Allergies in dogs have become an all too common disease. While they can become allergic to just about anything, just like us, there are a few things you can do to help your pet avoid food allergies.
Ian Billingshurst, veterinary author of “Give Your Dog A Bone” advises “balance, over time, through variety.”
It is important to remember that whether it is a Chihuahua or an Irish Wolfhound, ALL dogs still have the same teeth and digestive systems as wolves. Dogs are carnivores! The vast majority of your diet should be meat and bone. Let me repeat all of this to a fact that is often ignored … Dogs are carnivores! They need meat! While they WILL EAT just about anything, the scientific term for this is “obligate omnivore,” which simply means that if they can’t get the meat and bone they prefer and should be eating, they will eat all they can to survive. However, surviving just isn’t a great plan. You could survive on cakes and sweets, but you don’t have to be a dietitian to know it’s not a good idea. I repeat, dogs are carnivores. They need meat. They too, like us, need variety.
It’s a common fallacy, often perpetuated by veterinarians, who are usually taught nutrition in college by a representative from Purina or Hill’s, the makers of the scientific diet, that you must find a food and keep it throughout the dog’s life. . INCORRECT !!! If you want to CAUSE an allergy, expose the body to something over and over again until the immune system finally yells “ENOUGH”, in the form of an allergy.
While you should gradually introduce a new food, over a week or so, it is important to constantly change your protein source. There are currently hundreds of food brands with premium ingredients. If this bag was chicken-based, make the next fish, the next lamb, etc. There are also sources of protein that are things that we would not find in the grocery store, such as venison, rabbit, duck, etc. Like the wolf, the dog should get something different on a regular basis.
The quality of the food is also essential. Like the old dog food commercial used to say “meat costs more than cereal.” If the food says chicken, then that should be the FIRST ingredient on the list. Remember, the ingredients are listed in order of concentration, you will never see a pack of wolves grazing in a corn or wheat field. While some dogs do well with these added fillers, they will never be as healthy as if their food was based on meat, poultry, or fish. You will notice that many of the premium foods even boast that they do NOT contain grains. Soy and wheat should also be avoided, as they are common allergens for dogs. If the ingredient says “meat”, it can be any source of “meat”, including road kill. Yes, you read that right. Ingredients for “meat” and “animals” usually come from processing plants. They can be any animal in any degree of decomposition or disease. Any food with these words should be avoided. If it says chicken, it has to be chicken. The government doesn’t care what we feed our dogs, just that the labels are honest.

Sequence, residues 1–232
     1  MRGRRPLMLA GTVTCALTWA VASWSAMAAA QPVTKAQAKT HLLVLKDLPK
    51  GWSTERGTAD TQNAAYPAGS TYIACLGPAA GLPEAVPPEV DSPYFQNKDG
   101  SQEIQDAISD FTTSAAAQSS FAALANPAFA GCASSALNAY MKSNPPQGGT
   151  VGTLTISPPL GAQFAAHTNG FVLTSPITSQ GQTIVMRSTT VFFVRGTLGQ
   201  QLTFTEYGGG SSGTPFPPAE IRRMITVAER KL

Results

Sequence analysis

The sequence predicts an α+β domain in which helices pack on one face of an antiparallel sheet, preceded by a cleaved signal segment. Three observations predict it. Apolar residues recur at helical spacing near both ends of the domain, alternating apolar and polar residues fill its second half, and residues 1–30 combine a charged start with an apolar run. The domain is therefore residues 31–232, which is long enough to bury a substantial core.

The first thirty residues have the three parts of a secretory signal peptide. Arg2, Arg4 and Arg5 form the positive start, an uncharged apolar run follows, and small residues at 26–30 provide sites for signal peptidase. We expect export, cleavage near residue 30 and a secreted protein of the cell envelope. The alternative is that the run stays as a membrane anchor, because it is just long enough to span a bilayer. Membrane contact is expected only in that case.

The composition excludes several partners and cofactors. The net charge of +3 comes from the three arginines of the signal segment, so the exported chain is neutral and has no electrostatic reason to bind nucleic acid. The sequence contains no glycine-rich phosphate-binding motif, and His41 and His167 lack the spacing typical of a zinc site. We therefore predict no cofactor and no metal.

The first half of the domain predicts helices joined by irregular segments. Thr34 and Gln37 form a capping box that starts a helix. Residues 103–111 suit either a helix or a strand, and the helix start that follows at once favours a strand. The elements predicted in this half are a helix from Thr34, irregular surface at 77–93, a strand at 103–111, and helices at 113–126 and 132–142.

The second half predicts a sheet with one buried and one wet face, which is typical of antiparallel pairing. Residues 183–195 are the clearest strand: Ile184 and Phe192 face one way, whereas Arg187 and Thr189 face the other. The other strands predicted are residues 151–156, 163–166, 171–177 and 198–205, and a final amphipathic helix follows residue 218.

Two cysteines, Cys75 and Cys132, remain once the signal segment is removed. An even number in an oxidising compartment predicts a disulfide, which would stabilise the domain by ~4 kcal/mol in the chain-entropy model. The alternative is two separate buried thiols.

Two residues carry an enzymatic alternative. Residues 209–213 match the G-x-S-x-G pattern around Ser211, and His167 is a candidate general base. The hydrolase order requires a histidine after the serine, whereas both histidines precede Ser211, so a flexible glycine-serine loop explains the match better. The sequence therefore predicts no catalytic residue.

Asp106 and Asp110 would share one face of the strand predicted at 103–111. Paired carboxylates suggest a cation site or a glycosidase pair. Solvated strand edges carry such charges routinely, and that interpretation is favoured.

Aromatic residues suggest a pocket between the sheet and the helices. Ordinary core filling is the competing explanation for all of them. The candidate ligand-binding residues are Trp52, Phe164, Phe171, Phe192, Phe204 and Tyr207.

Spend the extra money on high-quality dog food with real meat, fish, or poultry as the FIRST ingredient. Rotate the protein source on a regular basis. Don’t be afraid to feed healthy table scraps … no cooked bones, skin, or fat please, just what’s left on your plate. Don’t be afraid to feed eggs, canned fish, and yogurt. Just remember that when you add something extra to your meal, decrease the amount of kibble so you don’t overfeed.
If your pet already has allergies, instead of continuous injections of prednisone and itch medications, which only treat the symptoms, not the actual problem, try a food allergy diet. Select a completely unique protein source food. Something they have never tried before, like venison, duck or salmon. It will take at least two months to get all the other stuff out of your system and for this to have any value.
It is CRITICAL that they do not ingest anything other than THIS food and water. If they eat even a small corner of your toast and they happen to have a wheat allergy, you’ll be back where you started for another two months. If after two months with this food, you see improvement in your skin and itching, you have your answer. If not, try another protein source. It takes time and commitment, but you’ll spend far less money on quality food than you do at the vet to consistently treat symptoms, and you’ll be rewarded with a healthier, happier part of your family.